Fall 2010, Issue#24
-BROCHURE (inside)
An Overview On:
The Millennium Development Goals

Although the man with the hoe still carries burdens imposed by the comfortable of the world,
the possibility remains that he may awaken to hope.

by James T. DETTE

james_t_dette • The Millennium Development Goals (MDGs)respond to the world's main development challenges and were drawn from the actions and targets contained in the Millennium Declaration adopted by 189 nations and signed by 147 heads of state and governments during the UN Millennium Summit in September 2000. The target for achieving them is 2015.
• 1: Eradicate extreme poverty and hunger
• 2: Achieve universal primary education
• 3: Promote gender equality and empower women
• 4: Reduce child mortality
• 5: Improve maternal health
• 6: Combat HIV/AIDS, malaria and other diseases
• 7: Ensure environmental sustainability
• 8: Develop a Global Partnership for Development

The Man With The Hoe

Bowed by the weight of the centuries he leans
Upon his hoe and gazes at the ground,
The emptiness of ages in his face,
And on his back the burden of the world.
Who made him dead to rapture and despair,
A thing that grieves not and that never hopes?

- Edwin Markham, 1899

One reads with some regularity that half the world population survives on less than two dollars a day and nearly a billion people entered the 21st century unable to read a book or sign their names. Those who have spent time in the developing world have some sense of what that means. However, even when the statistics are illustrated by photographs of women and children (who should be in school) scavenging material from mountains of garbage, for most who do not experience it personally it is difficult to come to grips with world poverty. The fact that these garbage pickers also dwell on the planet we all call home will at best elicit a donation to the organization that provided the photograph with their begging letter.

What else can one do about this? Actively support the Millennium Development Goals (MDG) of the United Nations (UN).

In September of 2000, 147 heads of state and government met in New York and adopted the United Nations Millennium Declaration. The purpose of the declaration was to "reaffirm our faith in the Organization and its Charter as indispensable foundations of a more peaceful, prosperous and just world." These leaders recognized that they had a "collective responsibility to uphold the principles of human dignity, equality and equity . . . to all the world's people, especially the most vulnerable and, in particular, the children of the world, to whom the future belongs." Eight Millennium Development Goals were established to be achieved by the year 2015(see sidebar).

Goals, as worthy as they are, soon become empty promises without the wherewithal to achieve them. Confronting this challenge, the heads of state and government gathered again in Monterrey, Mexico, in March of 2002 and reached a consensus on Financing for Development. Actions pledged included mobilizing domestic and international resources for development, meaningfully liberalizing world trade, and most importantly, increasing international financial and technical cooperation for development. To achieve this last goal, the developed countries were urged to pledge a target of 0.7 percent of their gross national product (GNP) as official development assistance (ODA) to developing countries. Relief from external debt was also recognized as an important step; it would liberate resources that could then be directed toward sustainable growth and development. The signatory nations pledged to stay engaged in the process by enlisting the UN, the World Bank, the International Monetary Fund, and the World Trade Organization in coordinating and monitoring progress.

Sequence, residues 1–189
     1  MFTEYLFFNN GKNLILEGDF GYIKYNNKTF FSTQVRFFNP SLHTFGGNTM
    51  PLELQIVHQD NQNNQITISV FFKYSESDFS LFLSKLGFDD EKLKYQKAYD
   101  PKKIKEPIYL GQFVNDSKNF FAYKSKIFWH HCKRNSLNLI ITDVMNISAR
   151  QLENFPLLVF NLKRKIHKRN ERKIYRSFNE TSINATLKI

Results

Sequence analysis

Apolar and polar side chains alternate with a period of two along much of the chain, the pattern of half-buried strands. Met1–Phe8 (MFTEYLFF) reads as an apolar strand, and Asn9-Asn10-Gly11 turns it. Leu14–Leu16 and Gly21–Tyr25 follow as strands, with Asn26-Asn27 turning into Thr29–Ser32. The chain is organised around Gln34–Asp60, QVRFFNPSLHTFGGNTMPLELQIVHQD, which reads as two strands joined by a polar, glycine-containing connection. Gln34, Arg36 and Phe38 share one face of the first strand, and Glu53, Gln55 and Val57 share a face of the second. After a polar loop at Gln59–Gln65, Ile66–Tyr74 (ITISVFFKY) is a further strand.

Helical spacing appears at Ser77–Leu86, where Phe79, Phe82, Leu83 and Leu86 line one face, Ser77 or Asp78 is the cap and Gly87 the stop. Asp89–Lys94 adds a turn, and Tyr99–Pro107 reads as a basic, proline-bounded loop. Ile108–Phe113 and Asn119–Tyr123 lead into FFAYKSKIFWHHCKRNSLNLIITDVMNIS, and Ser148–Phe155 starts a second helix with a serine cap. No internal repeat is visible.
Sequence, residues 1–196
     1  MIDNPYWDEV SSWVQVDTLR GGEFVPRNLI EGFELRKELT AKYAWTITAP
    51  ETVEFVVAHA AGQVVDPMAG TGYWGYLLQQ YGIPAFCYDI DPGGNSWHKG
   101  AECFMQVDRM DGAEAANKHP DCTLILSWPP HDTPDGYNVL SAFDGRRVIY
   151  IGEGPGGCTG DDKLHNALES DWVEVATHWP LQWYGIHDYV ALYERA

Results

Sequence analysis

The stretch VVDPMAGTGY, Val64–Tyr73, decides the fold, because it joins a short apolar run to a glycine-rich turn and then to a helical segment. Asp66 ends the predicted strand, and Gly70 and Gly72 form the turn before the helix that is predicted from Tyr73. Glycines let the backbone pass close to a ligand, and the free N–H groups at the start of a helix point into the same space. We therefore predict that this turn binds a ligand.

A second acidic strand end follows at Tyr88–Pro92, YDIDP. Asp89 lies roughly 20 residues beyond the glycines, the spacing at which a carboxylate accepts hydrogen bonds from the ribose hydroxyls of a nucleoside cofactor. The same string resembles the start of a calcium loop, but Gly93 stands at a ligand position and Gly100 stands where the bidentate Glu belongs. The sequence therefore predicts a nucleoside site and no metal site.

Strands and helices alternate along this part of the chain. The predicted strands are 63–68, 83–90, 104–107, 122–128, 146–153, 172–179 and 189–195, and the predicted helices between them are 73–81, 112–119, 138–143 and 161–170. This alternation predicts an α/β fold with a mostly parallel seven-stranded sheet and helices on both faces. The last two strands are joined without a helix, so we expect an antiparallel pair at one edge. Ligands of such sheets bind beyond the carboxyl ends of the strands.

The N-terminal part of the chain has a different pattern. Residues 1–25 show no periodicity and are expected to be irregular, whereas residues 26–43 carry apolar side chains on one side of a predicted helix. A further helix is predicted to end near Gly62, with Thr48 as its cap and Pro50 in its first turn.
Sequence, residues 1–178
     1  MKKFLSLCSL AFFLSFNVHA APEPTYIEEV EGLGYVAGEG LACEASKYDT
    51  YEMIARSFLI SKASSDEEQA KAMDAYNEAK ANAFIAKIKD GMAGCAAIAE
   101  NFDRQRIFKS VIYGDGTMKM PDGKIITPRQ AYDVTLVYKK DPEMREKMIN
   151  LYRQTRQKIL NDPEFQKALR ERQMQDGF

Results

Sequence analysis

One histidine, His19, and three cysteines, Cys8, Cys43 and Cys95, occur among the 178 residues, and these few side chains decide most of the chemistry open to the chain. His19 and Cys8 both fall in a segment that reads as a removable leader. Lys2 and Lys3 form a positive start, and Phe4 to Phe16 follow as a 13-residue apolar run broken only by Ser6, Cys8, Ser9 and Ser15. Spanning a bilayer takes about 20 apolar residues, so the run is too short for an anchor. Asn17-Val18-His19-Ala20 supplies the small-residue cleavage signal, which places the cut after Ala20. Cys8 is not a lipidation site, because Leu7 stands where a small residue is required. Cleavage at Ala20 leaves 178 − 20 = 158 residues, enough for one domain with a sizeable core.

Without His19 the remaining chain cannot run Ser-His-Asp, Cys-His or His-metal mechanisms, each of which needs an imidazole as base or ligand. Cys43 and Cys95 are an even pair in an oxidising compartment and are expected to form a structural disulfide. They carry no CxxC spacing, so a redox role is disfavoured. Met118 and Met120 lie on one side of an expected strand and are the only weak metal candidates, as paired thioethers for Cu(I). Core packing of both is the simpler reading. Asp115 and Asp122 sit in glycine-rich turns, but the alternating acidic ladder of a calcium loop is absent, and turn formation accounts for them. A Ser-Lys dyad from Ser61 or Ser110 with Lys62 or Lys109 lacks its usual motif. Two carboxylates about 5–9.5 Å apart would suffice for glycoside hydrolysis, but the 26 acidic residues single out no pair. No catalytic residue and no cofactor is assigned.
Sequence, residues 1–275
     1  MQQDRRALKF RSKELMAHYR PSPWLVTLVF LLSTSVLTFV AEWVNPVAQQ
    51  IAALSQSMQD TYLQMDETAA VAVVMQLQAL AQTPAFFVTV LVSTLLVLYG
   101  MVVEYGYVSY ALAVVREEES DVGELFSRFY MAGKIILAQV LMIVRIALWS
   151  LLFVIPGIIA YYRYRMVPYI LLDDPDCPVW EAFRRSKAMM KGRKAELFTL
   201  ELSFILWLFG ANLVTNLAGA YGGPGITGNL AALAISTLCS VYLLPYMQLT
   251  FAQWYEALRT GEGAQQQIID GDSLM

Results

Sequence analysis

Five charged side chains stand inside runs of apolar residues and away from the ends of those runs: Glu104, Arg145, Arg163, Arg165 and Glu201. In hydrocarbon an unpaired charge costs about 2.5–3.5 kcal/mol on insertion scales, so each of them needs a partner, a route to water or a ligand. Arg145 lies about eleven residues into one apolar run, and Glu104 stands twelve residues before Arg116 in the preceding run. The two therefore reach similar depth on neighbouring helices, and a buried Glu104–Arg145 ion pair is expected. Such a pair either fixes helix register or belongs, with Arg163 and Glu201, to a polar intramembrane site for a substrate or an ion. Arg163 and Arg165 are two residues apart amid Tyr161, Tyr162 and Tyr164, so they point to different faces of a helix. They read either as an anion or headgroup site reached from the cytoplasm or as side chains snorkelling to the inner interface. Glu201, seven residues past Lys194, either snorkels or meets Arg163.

As a followup to the adoption of the Millennium Declaration in 2000, a World Summit was held in September 2005. In addition to reviewing progress toward achieving the MDGs, the agenda included terrorism, human rights, and UN reform. Before the 2005 meeting, serious concerns arose that it would be overshadowed by the war in Iraq, and by the "Oil for Food" scandal and calls for reform that had hit the United Nations. Secretary General Kofi Annan had wanted the reform issues to be resolved before the Summit, but this did not happen; instead the conference was thrown into turmoil. On the one hand, the poorer, unaligned nations held that preliminary drafts of the 2005 conference statement had failed to take their concerns into account. On the other, the United States wanted to do away with most of the text, even the Millennium Development Goals themselves. As the Washington Post reported (August 24, 2005), "the Bush administration has thrown the proceedings in turmoil with a call for drastic renegotiation" of the draft agreement. The proposed changes, submitted by controversial U.S. Ambassador to the UN John Bolton, touched on "virtually every aspect of UN affairs and provided a detailed look at U.S. concerns about the world body’s future."

As a result, the conference failed to achieve a meaningful review of the MDGs. The concerns of the poorer nations were realized in a weak final document that was at best ambiguous. There were some positive results--the creation of a Peace Building Commission and a Human Rights Council, a stronger antigenocide statement, and recognition of the need too achieve MDGs and debt relief. But apart from these conference statements, nothing new or substantial emerged. The developing countries continue their struggle for "human dignity, equality and equity" with mixed results.